Brazil May Want to Rethink Using IMF Forecasts

January 19, 2016Monetary Policyby Marc Chandler

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Central banks should be wary of using IMF forecasts.

Brazilian central bank President Tombini said it would take into account the IMF’s revised forecasts for a deeper recession when it meets this week to decide on policy. Sorry, but we don’t buy it. IMF forecasts should not affect a central bank. Yes, the IMF has great economists and often has excellent advice for its member countries. However, no policymaker worth their salt should base their decisions on updated IMF forecasts. We would add that the central bank usually refrains from making comments about monetary policy on the eve of policy meetings.

The IMF cut its 2016 forecast to -3.5% and its 2017 forecast to flat. We cannot deny that these are significant revisions. Previously, the IMF saw Brazil contracting -1% this year and growing +2.3% in 2017. Yet the IMF forecasts merely bring it more into line with market consensus, and do not really contain any “new news.”

The official statement from the central bank: “Central bank President Alexandre Tombini considers as significant the revisions of growth projections for Brazil in 2016 and 2017 carried out by the International Monetary Fund. President Tombini highlights that all relevant economic information available up to the Monetary Policy Committee meeting is considered in the decisions of the board.”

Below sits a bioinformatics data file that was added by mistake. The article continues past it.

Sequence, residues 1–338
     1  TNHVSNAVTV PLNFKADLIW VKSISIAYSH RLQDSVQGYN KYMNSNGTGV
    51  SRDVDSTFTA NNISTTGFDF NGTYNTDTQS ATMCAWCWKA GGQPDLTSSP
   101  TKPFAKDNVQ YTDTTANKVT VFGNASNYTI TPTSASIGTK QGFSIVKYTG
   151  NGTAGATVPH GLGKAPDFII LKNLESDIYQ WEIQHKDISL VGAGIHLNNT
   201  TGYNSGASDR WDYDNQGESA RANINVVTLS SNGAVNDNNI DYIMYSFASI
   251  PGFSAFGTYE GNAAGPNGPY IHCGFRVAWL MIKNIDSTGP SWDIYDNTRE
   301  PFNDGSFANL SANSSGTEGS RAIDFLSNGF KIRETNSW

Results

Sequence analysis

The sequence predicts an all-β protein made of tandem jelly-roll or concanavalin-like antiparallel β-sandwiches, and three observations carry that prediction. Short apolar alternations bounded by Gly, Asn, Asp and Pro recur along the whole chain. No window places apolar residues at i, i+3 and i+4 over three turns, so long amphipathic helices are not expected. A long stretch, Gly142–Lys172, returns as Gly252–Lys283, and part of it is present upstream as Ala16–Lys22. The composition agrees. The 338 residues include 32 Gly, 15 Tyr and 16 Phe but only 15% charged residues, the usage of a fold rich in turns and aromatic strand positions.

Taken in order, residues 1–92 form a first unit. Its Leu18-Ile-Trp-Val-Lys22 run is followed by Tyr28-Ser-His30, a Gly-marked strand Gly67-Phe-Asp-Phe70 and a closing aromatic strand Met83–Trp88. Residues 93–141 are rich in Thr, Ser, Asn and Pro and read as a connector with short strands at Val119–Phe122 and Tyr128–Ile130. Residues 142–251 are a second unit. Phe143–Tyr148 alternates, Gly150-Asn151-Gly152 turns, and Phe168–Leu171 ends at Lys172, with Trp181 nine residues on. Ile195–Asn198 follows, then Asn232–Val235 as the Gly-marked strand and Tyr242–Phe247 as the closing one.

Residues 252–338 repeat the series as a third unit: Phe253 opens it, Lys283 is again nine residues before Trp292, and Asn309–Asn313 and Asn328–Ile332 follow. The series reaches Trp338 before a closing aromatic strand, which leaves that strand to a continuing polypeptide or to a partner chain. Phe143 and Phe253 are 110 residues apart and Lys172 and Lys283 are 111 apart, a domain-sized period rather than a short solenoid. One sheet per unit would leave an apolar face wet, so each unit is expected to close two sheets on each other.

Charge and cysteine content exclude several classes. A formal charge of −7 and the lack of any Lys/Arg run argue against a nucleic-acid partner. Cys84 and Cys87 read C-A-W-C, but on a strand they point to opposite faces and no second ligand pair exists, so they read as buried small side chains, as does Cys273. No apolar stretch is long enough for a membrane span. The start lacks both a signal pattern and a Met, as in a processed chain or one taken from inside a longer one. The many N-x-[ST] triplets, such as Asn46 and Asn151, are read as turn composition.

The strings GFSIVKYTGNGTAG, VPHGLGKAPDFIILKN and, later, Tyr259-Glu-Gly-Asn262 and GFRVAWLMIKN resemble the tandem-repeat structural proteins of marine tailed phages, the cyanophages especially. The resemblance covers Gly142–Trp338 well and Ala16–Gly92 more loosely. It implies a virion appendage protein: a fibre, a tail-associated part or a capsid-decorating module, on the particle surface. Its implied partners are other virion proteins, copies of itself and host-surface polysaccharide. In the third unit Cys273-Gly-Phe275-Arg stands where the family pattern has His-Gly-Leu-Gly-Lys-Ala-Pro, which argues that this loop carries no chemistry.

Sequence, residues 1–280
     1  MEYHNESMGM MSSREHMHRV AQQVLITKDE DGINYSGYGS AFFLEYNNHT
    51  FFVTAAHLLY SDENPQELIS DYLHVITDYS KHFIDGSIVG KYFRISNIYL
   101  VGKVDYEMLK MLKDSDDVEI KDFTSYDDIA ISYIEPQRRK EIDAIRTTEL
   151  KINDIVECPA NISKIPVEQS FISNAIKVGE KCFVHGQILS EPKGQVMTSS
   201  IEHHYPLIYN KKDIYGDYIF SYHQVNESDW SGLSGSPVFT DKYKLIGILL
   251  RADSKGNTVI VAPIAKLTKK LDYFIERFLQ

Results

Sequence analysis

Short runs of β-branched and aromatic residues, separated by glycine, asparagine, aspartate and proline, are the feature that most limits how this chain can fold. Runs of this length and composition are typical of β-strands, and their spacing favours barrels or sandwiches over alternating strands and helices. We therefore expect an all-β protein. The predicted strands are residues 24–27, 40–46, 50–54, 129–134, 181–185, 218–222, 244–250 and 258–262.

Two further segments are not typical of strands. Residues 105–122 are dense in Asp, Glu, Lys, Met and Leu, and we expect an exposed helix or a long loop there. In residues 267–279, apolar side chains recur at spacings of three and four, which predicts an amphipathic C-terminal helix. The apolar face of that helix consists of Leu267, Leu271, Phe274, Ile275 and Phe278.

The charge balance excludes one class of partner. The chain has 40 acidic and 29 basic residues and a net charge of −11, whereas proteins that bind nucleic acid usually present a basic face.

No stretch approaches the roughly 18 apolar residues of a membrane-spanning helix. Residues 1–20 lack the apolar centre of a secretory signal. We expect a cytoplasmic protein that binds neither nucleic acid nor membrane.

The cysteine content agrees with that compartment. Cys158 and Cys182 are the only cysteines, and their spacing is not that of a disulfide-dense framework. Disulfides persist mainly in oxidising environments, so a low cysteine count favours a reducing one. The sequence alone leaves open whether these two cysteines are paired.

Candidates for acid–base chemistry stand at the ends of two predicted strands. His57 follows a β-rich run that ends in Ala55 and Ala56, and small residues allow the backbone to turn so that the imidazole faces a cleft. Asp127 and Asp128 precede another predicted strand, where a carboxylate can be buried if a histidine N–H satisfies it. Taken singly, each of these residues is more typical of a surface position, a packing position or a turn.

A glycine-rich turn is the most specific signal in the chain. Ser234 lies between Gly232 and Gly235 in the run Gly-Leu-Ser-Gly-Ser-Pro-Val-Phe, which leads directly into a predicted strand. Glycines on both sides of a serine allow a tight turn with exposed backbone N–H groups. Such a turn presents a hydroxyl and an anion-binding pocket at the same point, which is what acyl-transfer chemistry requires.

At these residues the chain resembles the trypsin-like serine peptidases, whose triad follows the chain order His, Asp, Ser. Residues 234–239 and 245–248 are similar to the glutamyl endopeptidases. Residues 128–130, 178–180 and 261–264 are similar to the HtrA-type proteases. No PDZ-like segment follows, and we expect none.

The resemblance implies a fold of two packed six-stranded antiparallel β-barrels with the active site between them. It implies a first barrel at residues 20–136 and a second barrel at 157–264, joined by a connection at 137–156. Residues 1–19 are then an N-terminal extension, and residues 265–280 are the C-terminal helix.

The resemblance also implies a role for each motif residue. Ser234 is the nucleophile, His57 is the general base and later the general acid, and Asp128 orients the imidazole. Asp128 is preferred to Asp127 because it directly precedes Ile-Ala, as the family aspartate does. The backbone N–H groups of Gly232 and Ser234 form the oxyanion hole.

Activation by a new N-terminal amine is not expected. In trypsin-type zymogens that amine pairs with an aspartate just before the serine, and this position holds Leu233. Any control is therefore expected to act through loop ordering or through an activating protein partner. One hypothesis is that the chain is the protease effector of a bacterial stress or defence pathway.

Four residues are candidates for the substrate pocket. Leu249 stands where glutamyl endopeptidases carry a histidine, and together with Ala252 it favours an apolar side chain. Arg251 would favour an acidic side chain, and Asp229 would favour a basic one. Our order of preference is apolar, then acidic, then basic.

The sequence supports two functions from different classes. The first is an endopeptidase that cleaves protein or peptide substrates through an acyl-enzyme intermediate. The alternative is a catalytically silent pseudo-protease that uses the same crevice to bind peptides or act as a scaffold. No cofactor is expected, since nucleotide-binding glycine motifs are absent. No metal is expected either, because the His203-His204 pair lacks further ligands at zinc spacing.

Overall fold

What does all this really mean? The markets are taking it as a clear signal that the central bank won’t be as hawkish as expected. Consensus was for a 50 bp hike this week to 14.75%, but swap rates have fallen sharply today in favor of a 25 bp hike.

Indeed, the entire swaps curve shifted down in response to the dovish comments. By reversing its hawkish bias and using the IMF forecasts as a cover to shift more dovish, the mixed signals from the central bank will likely keep investor’s very negative on Brazil.

Earlier today, Brazil reported the second preview for January IGP-M wholesale inflation at +0.83% m/m vs. +0.69% expected. If this sustains for the entire month, the y/y rate would accelerate to 10.6% from 10.5% in December. Brazil then reports mid-January IPCA inflation Friday, and is expected to rise 10.74% y/y vs. 10.71% in mid-December.

With inflation measures still accelerating, it is not a time to be more dovish. We do not think that a 25 bp hike will help sentiment at all, nor do we think that a hike will be “one and done.” Another hike seems likely at the March 2 meeting, but the magnitude of the tightening is now more unknown given the central bank’s comments today.

Not surprisingly, Brazilian assets are underperforming today. The yield on its 10-year local currency government bonds is up nearly 20 bp to a whopping 16.40%. BRL is the worst performer in EM, down 0.5% on a day when the rest of EM is rallying. The Bovespa is up nearly 1% today, but is clearly lagging the wider MSCI EM (up 1.6%).

Markets rightly suspect that the government is leaning on the central bank to be more dovish, and that is simply not a good development in the current investment environment.

Central Bank's Dovish Tilt Will Weigh on Brazilian Assets is republished with permission from Marc to Market

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